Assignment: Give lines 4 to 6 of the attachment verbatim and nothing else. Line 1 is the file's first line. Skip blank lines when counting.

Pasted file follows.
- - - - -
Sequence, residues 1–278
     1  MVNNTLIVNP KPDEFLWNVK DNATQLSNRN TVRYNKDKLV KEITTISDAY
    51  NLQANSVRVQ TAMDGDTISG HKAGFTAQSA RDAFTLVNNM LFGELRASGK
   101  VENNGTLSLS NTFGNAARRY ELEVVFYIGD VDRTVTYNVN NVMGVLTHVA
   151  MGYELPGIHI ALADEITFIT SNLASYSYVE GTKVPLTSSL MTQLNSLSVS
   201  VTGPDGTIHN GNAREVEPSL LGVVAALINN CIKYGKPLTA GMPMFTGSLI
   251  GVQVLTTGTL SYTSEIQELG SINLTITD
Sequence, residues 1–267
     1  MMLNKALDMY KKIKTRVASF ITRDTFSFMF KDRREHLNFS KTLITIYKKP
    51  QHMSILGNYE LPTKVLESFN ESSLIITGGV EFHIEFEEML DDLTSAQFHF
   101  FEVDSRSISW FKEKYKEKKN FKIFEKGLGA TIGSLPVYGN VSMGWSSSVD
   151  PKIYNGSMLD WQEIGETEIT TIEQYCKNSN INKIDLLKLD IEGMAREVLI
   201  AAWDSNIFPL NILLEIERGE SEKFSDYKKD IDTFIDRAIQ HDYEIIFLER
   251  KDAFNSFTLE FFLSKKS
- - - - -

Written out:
   101  VENNGTLSLS NTFGNAARRY ELEVVFYIGD VDRTVTYNVN NVMGVLTHVA
   151  MGYELPGIHI ALADEITFIT SNLASYSYVE GTKVPLTSSL MTQLNSLSVS
   201  VTGPDGTIHN GNAREVEPSL LGVVAALINN CIKYGKPLTA GMPMFTGSLI